Photo by rawpixel.com on Unsplash If you’re creating a website for your business like the hipster fellow in the above photo, you may be wondering, “What should I include in my About page?” How personal should it get? How business-y should it sound? Here’s how I answered this web content question on the social site Quora a few years ago. My answer still holds true. The last paragraph also applies for writing nonfiction book Prefaces and Intros.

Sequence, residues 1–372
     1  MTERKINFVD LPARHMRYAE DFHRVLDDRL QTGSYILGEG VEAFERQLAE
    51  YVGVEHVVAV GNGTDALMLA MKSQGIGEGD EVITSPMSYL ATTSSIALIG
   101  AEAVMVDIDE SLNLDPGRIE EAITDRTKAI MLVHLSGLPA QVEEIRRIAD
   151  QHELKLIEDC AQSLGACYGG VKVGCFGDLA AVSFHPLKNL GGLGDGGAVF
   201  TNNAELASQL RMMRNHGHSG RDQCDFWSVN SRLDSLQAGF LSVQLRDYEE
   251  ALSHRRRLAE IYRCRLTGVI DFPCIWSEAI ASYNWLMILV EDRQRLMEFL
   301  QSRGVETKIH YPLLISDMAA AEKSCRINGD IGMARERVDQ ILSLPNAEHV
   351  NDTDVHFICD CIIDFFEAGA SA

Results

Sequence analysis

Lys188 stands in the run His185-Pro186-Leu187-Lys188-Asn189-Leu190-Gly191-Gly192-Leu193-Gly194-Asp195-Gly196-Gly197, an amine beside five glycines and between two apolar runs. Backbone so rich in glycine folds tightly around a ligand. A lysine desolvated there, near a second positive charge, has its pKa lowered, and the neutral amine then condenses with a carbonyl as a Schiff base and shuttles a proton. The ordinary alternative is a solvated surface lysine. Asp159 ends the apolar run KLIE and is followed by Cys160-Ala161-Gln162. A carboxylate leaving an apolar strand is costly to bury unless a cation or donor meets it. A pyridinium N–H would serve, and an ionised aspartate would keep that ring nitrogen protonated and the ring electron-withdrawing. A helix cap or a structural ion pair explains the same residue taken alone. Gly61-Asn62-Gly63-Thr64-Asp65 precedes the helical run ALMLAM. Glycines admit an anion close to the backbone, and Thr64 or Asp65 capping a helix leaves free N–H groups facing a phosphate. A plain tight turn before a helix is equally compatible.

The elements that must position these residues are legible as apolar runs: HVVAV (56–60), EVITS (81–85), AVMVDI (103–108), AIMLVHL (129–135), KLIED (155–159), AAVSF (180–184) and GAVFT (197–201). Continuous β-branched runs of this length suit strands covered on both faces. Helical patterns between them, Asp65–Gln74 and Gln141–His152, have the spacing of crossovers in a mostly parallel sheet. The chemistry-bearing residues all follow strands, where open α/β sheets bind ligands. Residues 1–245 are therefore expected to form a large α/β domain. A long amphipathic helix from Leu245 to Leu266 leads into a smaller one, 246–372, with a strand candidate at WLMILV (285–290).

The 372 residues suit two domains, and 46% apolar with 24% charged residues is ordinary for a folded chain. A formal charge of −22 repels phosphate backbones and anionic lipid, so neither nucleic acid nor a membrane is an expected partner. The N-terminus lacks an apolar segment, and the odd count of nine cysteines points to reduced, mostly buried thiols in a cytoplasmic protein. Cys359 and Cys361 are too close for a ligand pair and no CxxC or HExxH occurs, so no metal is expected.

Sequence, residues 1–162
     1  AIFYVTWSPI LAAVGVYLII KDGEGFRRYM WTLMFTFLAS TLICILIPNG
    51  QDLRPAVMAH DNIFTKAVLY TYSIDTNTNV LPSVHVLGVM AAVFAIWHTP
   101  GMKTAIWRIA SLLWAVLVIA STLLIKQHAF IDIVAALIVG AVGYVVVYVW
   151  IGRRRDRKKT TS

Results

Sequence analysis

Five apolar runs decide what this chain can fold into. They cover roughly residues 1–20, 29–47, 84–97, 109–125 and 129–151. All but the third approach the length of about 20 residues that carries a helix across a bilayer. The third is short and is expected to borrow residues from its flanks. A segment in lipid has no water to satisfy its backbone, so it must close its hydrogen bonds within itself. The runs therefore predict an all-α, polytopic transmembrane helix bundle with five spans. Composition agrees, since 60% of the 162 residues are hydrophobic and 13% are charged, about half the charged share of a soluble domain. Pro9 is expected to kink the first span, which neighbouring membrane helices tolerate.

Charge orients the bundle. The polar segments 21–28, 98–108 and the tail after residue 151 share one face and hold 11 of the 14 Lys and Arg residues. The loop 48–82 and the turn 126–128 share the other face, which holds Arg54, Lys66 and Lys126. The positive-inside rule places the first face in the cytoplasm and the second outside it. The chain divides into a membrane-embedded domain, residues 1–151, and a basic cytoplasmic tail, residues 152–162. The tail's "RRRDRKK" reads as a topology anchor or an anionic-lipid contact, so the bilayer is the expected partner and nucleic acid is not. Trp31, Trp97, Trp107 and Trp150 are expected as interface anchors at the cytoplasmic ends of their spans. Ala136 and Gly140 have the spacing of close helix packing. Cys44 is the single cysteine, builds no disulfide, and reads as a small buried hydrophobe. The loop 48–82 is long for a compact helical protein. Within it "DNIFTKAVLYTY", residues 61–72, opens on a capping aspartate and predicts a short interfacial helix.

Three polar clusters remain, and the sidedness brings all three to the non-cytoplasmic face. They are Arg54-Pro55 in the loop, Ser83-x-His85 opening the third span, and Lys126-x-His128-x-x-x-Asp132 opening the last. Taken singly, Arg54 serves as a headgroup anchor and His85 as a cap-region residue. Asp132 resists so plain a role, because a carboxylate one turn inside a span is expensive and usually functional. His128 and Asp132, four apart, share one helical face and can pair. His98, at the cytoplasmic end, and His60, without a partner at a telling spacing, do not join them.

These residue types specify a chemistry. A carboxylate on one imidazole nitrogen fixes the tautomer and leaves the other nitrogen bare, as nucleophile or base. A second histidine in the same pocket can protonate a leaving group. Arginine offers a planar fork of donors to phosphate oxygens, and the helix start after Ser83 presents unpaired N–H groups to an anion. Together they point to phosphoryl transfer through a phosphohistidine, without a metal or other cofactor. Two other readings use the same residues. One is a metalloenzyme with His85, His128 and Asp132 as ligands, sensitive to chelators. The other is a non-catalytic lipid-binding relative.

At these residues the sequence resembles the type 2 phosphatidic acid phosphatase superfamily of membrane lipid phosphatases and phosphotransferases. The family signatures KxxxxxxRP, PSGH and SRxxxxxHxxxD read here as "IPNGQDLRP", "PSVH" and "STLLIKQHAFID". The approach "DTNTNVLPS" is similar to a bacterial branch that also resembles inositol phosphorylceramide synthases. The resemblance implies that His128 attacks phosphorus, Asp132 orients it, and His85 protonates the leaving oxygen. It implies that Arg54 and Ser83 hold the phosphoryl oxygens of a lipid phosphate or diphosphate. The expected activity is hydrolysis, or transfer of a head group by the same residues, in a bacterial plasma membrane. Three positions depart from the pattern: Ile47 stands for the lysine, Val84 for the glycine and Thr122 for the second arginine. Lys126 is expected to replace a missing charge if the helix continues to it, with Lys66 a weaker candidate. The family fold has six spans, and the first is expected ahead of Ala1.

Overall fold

Depending on your industry, a clearly written, friendly About page can be where media people will go to find out who you are—what you’re about—and what ideas you represent. What I’ve told my clients in the past is that while Home pages are often dominated by “the latest news” or a splashy interface displaying a new product or campaign, About pages are where new site visitors go after they’ve seen your sales pitch, when they want to get a sense of who’s selling to them. Seth Godin published some rules for writing About pages on his blog. One of them was “Be human. Write like you talk and put your name on it. Tell a story, a true one, one that resonates.” I agree. Compelling personal stories are eye-catching. They also function as the most immediate of all possible testimonials: your story about why you started your business, wrote your book, or founded your non-profit. For many business endeavors, the story goes something like this: “I saw a need. Nobody was filling this need. So I jumped in and created something I’m proud of. I know it will help you, because it helped me. Please get in touch and let me know how you like my product. I welcome your feedback.”